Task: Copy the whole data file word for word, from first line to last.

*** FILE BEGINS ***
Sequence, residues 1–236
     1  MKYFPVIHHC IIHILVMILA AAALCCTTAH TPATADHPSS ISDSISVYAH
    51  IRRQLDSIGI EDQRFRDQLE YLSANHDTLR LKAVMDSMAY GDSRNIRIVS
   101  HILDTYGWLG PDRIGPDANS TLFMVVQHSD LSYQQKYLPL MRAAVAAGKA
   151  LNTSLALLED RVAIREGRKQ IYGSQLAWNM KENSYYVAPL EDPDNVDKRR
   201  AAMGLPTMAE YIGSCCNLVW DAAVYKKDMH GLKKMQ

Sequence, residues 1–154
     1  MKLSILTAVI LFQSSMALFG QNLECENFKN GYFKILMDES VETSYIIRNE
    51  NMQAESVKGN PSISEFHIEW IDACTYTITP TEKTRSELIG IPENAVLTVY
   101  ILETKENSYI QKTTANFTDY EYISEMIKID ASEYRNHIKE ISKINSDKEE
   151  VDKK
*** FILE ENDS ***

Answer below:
Sequence, residues 1–236
     1  MKYFPVIHHC IIHILVMILA AAALCCTTAH TPATADHPSS ISDSISVYAH
    51  IRRQLDSIGI EDQRFRDQLE YLSANHDTLR LKAVMDSMAY GDSRNIRIVS
   101  HILDTYGWLG PDRIGPDANS TLFMVVQHSD LSYQQKYLPL MRAAVAAGKA
   151  LNTSLALLED RVAIREGRKQ IYGSQLAWNM KENSYYVAPL EDPDNVDKRR
   201  AAMGLPTMAE YIGSCCNLVW DAAVYKKDMH GLKKMQ

Sequence, residues 1–154
     1  MKLSILTAVI LFQSSMALFG QNLECENFKN GYFKILMDES VETSYIIRNE
    51  NMQAESVKGN PSISEFHIEW IDACTYTITP TEKTRSELIG IPENAVLTVY
   101  ILETKENSYI QKTTANFTDY EYISEMIKID ASEYRNHIKE ISKINSDKEE
   151  VDKK